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Q & A – Contingent Sale Addendum

by admin on July 20, 2011

in Questions & Answers

Source:  Reprinted from the July 20, 2011 edition of the N.C. REALTOR Report published by The NC Association of REALTORS

QUESTION:  I am preparing an Offer to Purchase and Contract (form 2-T) on behalf of a client. The client needs to sell her current home in order to purchase a new home so we are using the Contingent Sale Addendum (form 2A2-T). My client doesn’t want to spend any money on inspecting the new home until she knows that her current home is under contract. In paragraph 1 (j) of the offer, in the space where I fill in the expiration of the due diligence period, can I put in the words: “three weeks after buyer’s house goes under contract”? If so, I would insert a settlement date approximately three months from today.

ANSWER: While the language you propose is legally permissible, a seller would be extremely unwise to sign a contract with that provision, unless your buyer is paying a hefty due diligence fee. You will recall that under the new Contingent Sale Addendum, the seller no longer has the right to kick out a buyer if the seller finds another interested buyer. Once the seller signs a contract with a Contingent Sale Addendum, the seller may have to wait until the end of the due diligence period to see if the buyer’s home goes under contract. If the buyer’s home is not under contract by that deadline, the contract between buyer and seller is null and void and the seller can sell to a third party.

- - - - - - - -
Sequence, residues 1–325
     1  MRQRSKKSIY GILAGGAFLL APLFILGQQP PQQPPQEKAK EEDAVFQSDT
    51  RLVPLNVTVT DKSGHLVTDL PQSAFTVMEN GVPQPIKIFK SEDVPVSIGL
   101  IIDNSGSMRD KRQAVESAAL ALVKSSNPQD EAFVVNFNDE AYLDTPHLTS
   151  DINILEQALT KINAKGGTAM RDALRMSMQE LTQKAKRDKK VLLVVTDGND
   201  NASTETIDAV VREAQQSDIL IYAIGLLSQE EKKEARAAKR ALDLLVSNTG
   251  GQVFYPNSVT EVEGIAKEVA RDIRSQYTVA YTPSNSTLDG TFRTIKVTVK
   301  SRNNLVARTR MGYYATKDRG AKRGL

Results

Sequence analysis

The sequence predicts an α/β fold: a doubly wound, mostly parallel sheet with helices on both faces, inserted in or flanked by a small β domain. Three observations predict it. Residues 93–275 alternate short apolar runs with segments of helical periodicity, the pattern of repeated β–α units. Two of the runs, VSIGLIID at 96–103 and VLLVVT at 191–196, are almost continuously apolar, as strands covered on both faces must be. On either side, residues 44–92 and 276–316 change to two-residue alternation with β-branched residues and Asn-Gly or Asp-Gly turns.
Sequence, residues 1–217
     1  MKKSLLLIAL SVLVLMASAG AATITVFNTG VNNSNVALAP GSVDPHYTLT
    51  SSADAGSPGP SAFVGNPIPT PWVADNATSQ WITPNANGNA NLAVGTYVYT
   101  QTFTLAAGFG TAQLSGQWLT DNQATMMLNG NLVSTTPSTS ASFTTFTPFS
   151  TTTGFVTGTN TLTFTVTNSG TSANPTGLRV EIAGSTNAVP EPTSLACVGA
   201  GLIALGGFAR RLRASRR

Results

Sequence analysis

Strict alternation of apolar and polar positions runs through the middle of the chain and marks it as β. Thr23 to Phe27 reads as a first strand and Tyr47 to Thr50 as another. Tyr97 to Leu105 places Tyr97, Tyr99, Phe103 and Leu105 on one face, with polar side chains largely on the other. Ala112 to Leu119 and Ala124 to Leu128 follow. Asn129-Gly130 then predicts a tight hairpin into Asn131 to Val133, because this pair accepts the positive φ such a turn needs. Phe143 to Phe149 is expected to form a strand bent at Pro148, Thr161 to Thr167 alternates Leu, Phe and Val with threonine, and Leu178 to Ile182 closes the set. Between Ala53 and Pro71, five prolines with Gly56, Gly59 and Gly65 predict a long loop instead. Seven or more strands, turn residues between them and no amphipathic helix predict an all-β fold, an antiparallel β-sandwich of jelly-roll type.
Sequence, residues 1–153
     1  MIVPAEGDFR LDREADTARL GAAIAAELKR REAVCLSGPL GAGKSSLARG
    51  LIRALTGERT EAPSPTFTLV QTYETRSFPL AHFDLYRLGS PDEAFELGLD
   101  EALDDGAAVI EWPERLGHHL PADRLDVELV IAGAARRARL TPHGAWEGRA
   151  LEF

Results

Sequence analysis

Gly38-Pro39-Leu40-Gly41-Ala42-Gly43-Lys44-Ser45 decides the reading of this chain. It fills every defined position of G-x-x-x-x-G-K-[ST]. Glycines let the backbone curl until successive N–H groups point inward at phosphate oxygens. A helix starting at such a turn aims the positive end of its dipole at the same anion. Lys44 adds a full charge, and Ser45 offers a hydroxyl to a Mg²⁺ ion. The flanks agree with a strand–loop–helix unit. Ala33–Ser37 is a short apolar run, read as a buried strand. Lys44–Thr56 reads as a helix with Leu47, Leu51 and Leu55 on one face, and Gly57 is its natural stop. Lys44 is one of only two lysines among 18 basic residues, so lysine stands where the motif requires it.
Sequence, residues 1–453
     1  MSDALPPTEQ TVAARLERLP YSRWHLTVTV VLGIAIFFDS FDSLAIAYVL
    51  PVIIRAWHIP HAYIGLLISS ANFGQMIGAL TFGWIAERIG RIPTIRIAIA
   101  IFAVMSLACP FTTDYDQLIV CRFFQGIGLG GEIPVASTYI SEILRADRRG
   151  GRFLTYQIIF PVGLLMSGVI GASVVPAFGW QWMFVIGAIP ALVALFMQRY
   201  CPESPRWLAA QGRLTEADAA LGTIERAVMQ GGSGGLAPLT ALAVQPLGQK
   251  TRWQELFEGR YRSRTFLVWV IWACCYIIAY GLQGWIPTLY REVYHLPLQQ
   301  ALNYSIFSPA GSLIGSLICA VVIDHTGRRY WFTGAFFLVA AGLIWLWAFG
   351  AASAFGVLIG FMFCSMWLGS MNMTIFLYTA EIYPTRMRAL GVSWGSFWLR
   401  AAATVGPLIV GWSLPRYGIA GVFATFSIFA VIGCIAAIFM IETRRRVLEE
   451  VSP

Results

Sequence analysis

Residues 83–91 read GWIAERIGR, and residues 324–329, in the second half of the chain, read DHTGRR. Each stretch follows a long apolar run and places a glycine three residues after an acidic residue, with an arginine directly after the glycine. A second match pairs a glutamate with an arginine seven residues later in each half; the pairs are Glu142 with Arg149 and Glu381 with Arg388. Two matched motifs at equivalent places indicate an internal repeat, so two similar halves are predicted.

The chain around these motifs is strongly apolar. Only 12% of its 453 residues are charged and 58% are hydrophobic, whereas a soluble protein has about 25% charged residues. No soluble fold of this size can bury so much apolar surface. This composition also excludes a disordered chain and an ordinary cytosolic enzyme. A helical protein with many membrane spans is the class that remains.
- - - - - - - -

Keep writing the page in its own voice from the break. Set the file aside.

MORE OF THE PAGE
The language you propose does not set a firm expiration date for the due diligence period. Instead, the expiration date would depend totally on the buyer signing a contract to sell her property, a decision that is out of seller’s control, and an event that may never take place. In this scenario, the seller could easily have to wait until the settlement date to see if the buyer will close, and he would be unable to effectively market his property to third parties during that period.

In order for the seller to maintain control of his property in the contingent sale context, we recommend that the seller instead insist on a definite, and relatively short, due diligence period, as well as a settlement date that is not too distant. If there is no contract for the buyer’s property by the expiration of the due diligence period, but the seller has reason to believe that such a contract is imminent, or is otherwise willing to allow the buyer more time to get their house under contract, the seller can always agree to extend the due diligence period. Form 330-T can be used for this purpose.

Source:  Reprinted from the July 20, 2011 edition of the N.C. REALTOR Report published by The NC Association of REALTORS


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